The Monk's Record Player

Thomas Merton, Bob Dylan, and the Perilous Summer of 1966

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Robert Hudson
  • Grand Rapids, MI: 
    Wm. B. Eerdmans Publishing Co.
    , March
     263 pages.
     For other formats: Link to Publisher's Website.


On December 10, 1941, three days after the Japanese bombed Pearl Harbor and in fear of military conscription, Thomas Merton became a Trappist monk. It was a decision reached after several years of thought and study, driven by his adult conversion to Catholicism and his desire to find silence and solitude upon what he called “this miserable, noisy, cruel earth.” When Merton took his vows at Our Lady of Gethsemani outside of Louisville, Kentucky, he committed himself to a monastic life that would both nurture and frustrate his deepest desires. Robert Hudson’s The Monk’s Record Player: Thomas Merton, Bob Dylan, and the Perilous Summer of 1966 is about this tension.

If other biographies relay the entirety of Merton’s life and times, Hudson is focused specifically on moments when the monk’s more worldly interests ran up against his order’s consistently rigid rules. Through a series of “interludes,” Merton’s (mostly) obedient monasticism is cast against the various rebellions of the young Bob Dylan, with whom Merton became increasingly absorbed. As the book progresses, Dylan provides the free-spirited foil to Merton’s religious asceticism. Though Hudson identifies points of congruence between his subjects, these are less compelling than the general contrast.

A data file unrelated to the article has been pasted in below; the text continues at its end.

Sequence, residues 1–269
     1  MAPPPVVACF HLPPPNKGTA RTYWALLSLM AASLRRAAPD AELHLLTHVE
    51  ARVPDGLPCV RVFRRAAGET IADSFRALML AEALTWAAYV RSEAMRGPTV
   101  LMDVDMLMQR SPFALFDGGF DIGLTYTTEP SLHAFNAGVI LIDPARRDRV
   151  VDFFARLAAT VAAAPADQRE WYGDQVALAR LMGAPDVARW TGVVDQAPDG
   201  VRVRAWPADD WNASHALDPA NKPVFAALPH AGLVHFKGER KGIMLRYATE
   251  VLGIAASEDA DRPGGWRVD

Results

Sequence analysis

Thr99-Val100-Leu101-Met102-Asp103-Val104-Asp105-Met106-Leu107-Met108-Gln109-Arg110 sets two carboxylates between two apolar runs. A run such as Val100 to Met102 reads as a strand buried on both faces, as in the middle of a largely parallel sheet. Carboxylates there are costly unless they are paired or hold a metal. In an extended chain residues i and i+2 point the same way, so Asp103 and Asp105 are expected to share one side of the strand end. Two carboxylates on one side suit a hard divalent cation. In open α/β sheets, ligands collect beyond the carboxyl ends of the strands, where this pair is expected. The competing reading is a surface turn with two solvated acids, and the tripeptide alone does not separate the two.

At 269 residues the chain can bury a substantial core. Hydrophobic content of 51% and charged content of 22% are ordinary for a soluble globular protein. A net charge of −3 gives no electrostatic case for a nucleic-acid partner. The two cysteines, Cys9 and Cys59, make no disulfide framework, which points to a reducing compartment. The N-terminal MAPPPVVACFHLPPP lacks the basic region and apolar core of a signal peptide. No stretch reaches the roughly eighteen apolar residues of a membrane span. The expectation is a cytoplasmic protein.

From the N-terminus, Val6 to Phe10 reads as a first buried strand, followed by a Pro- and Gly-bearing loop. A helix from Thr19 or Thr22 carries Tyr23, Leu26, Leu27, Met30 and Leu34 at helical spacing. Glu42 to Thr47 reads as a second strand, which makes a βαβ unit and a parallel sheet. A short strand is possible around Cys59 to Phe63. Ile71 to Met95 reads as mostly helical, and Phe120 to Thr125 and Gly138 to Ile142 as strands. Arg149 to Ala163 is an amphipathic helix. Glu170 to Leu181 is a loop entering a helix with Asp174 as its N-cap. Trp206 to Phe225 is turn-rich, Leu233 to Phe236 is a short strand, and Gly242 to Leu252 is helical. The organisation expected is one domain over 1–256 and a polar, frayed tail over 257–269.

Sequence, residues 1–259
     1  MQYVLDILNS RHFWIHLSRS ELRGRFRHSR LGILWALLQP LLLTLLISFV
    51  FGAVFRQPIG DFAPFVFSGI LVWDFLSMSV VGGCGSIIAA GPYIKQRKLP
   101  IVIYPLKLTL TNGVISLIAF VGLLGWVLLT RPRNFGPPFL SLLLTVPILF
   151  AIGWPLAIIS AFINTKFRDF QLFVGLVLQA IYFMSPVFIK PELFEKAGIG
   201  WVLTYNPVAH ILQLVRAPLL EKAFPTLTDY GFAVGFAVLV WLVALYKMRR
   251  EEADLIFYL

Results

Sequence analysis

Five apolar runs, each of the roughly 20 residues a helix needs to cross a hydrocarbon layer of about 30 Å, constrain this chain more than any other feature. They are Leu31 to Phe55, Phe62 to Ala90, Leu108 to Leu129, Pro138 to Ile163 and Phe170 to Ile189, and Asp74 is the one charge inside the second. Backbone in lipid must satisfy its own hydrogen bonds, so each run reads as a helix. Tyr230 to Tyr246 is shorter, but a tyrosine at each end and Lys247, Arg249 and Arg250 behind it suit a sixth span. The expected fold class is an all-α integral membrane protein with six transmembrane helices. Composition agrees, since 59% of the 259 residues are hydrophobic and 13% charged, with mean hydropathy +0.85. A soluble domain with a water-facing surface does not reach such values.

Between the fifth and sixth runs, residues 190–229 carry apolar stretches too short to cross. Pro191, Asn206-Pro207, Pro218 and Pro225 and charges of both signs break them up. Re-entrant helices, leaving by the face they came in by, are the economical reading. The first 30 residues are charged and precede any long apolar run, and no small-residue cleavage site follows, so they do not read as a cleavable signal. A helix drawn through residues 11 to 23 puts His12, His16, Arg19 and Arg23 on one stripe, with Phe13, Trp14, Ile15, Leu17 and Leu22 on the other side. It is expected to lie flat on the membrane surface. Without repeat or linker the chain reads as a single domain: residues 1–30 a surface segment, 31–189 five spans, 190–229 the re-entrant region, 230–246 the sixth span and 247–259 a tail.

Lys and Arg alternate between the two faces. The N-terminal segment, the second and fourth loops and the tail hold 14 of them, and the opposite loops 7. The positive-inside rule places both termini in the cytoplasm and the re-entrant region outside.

In particular, the Merton-Dylan pairing demands some reflection on the nature of commitment. Merton’s developing interest in Dylan’s innovative work is traceable, it seems, to his own repeatedly stifled ambitions—to live alone, to travel, to write without censors, and to marry a woman. Again and again Merton makes requests that his abbot denies, in part to protect his vows and—perhaps in larger part—to retain his very lucrative pen. Though he grumbles about these rejections, Merton honors them as attendant to the promise that he freely made and to which he is eternally bound. The effect is at once impressive and a little annoying. At the time, certain of Merton’s friends wanted him to flee the suffocating monastic life and fulfill his significant potential—to rebel, in other words, like Dylan. Instead, Merton stays put, fulfilling his obligations at the expense of his desire—submitting, that is, like Merton.